Unfurled: the Chinese handscroll

Unfurled: the Chinese handscroll

24 Aug 2020

Unfurled: the Chinese handscroll

A significant difference between Eastern and Western painting lies in the format. Unlike Western paintings, which are hung on walls and continuously visible to the eye, most Chinese paintings are not meant to be on constant view but are brought out to be seen only from time to time. This occasional viewing has everything to do with format.

Ceremony and anticipation underlie the experience of looking at a handscroll. When in storage, the painting itself is several layers removed from immediate view, and the value of a scroll is reflected in part by its packaging. Scrolls are generally kept in individual wooden boxes that bear an identifying label. Removing the lid, the viewer may find the scroll wrapped in a piece of silk, and, on unwrapping the silk, encounters the handscroll bound with a silken cord that is held in place with a jade or ivory toggle. After undoing the cord, one begins the careful process of unrolling the scroll from right to left, pausing to admire and study it, shoulder-width section by section, rerolling a section before proceeding to the next one.

The experience of seeing a scroll for the first time is like a revelation. As one unrolls the scroll, one has no idea what is coming next: each section presents a new surprise. Looking at a handscroll that one has seen before is like visiting an old friend whom one has not seen for a while. One remembers the general appearance, the general outlines, of the image, but not the details. In unrolling the scroll, one greets a remembered image with pleasure, but it is a pleasure that is enhanced at each viewing by the discovery of details that one has either forgotten or never noticed before.

Looking at a handscroll is an intimate experience. Its size and format preclude a large audience; viewers are usually limited to one or two. Unlike the viewer of Western painting, who maintains a certain distance from the image, the viewer of a handscroll has direct physical contact with the object, rolling and unrolling the scroll at his/her own desired pace, lingering over some passages, moving quickly through others.

As the scroll unfurls, so the narrative or journey progresses. In this way, looking at a handscroll is like reading a book: just as one turns from page to page, not knowing what to expect, one proceeds from section to section; in both painting and book, there is a beginning and  an end.

Indeed, this resemblance is not incidental. The handscroll format—as well as other Chinese painting formats—reveals an intimacy between word and image. Many handscrolls contain inscriptions preceding or following the image: poems composed by the painter or others that enhance the meaning of the image, or a few written lines that convey the circumstances of its creation.

Many handscrolls also contain colophons, or commentaries written onto additional sheets of paper or silk that follows the image itself. These may be comments written by friends of the artist or the collector; they may have been written by viewers from later generations. The colophons may note the quality of the painting, express the rhapsody (rarely the disenchantment) of the viewer, give a biographical sketch of the artist, place the painting within an art-historical context, or engage with the texts of earlier colophons. And as a final way of making their presence known, the painter, the collectors, the one-time viewers often “sign” the image or colophons with personal seals bearing their names, these red marks of varying size conveying pride of authorship or ownership.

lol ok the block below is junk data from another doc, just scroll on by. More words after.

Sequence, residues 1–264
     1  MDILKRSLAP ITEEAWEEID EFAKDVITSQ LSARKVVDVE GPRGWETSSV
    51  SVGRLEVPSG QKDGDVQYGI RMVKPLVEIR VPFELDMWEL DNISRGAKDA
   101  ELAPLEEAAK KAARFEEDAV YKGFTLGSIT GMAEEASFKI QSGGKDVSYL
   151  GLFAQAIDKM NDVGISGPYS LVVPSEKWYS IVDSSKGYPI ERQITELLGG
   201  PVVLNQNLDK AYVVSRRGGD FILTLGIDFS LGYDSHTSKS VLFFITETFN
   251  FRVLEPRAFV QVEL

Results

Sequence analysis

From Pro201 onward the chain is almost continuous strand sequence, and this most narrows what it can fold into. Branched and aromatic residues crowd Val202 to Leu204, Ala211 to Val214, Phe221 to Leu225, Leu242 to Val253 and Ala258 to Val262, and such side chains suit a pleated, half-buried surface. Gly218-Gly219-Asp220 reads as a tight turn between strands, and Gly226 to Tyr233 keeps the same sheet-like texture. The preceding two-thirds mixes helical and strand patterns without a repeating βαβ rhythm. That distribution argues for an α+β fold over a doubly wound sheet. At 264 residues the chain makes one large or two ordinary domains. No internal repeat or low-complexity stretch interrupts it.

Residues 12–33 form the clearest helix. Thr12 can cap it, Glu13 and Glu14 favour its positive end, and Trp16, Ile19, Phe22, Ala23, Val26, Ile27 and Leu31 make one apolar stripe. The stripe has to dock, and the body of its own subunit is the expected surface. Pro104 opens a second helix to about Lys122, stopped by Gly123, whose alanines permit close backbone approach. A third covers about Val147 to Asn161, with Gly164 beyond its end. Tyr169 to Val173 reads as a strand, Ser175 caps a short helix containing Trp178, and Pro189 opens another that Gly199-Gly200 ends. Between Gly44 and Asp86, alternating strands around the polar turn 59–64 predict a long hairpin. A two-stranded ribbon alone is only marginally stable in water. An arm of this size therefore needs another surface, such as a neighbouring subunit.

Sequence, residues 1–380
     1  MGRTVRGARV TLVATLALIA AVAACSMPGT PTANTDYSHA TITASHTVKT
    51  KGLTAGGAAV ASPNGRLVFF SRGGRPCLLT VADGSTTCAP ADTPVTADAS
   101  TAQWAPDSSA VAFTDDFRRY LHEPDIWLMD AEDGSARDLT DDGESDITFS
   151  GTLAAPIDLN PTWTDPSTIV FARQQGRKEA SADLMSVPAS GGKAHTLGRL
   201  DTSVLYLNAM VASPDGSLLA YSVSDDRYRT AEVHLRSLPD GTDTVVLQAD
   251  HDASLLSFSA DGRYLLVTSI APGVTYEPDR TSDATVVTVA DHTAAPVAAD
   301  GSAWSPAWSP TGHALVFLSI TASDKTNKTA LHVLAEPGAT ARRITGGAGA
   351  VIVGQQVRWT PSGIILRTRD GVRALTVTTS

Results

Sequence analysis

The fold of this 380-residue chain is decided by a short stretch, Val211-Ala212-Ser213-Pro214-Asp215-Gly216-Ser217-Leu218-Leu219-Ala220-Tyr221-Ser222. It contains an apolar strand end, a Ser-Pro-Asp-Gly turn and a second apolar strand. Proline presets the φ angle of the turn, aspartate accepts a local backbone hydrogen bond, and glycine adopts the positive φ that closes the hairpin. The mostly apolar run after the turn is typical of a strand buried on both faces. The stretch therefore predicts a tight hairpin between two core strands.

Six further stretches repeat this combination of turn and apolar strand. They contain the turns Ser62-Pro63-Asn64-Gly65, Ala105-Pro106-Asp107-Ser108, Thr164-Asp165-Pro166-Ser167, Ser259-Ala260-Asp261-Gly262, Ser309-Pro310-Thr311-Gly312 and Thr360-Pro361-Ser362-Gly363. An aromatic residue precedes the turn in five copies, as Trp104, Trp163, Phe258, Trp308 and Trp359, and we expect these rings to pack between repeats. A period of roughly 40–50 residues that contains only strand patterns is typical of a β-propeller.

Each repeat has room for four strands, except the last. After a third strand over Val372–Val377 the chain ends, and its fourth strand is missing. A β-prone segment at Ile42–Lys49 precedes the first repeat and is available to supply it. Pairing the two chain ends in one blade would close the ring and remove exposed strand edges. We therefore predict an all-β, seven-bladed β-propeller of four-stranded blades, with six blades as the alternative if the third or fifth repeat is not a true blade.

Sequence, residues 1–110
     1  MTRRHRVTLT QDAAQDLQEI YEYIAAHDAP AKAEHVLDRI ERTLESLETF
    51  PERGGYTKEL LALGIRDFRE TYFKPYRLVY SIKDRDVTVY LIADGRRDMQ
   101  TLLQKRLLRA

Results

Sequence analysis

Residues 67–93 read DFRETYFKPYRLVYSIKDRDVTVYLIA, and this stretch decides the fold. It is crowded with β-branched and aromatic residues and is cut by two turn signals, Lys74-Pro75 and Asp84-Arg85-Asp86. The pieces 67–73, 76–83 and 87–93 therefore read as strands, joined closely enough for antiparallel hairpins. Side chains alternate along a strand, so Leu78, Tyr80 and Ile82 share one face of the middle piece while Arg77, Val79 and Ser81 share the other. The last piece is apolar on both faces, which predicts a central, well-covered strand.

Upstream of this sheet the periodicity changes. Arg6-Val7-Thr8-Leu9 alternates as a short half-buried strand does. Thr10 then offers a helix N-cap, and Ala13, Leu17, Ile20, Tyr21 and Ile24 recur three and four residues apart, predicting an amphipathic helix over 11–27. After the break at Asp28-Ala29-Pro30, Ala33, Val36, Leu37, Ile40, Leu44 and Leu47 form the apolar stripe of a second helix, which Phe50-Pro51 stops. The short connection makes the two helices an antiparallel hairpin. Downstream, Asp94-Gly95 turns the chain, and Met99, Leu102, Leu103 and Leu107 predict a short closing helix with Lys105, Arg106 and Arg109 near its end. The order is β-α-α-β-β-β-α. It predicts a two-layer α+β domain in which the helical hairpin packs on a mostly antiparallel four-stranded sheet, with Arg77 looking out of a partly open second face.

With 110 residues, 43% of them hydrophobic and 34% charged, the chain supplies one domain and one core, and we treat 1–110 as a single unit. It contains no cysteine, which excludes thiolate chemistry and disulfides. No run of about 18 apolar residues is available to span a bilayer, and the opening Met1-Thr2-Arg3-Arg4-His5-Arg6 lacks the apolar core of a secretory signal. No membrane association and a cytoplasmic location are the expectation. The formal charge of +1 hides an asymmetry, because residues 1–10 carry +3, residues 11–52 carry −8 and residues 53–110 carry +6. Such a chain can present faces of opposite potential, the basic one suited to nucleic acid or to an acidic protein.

This long handscroll work is an imaginary representation of various activities in a Han dynasty (206 BC–AD 220) palace on a spring morning. Among them is the famous story of Mao Yanshou painting the portrait of Wang Zhaojun. As the story goes, the concubines of Emperor Yuandi (r. 48–33 BC) were so numerous that he ordered the artist Mao Yanshou to paint their portraits in order to choose them for attendance. Except for the righteous Wang Zhaojun, all the concubines bribed the artist to portray them even more beautiful. For not receiving a bribe, the artist portrayed Wang less beautiful, ruining her chances of seeing the emperor. One day, when a barbarian chieftain came to the court seeking relations, he sought a Han beauty as his wife. The emperor, believing Wang Zhaojun to be the least attractive of the concubines, chose her as the chieftain’s wife. Only when he saw her did he realise that she was the most beautiful of them all. Infuriated, he had the artist executed.

Thus, the handscroll is both painted image and documentary history; past and present are in continuous dialogue. Looking at a scroll with colophons and inscriptions, a viewer sees not only a pictorial representation but witnesses the history of the painting as it is passed down from generation to generation.

TouTube links 
Screenshot, YouTube https://www.youtube.com/watch?v=q3Ut32EZgpg&feature=youtu.be

Screenshot from YouTube ‘Viewing a Handscroll’ https://www.youtube.com/watch?v=8xE7DVa4p60

Wu Zhen, Fisherman, ca. 1350, Metropolitan Museum of Art, Public Domain

Spring Morning in the Han Palace, (detail) 17th cent copy after Qiu-ying, (Ming Dynasty,1368-1644), Walters Art Museum, CC0 (no rights reserved)


About the Author

by Jeni Fraser


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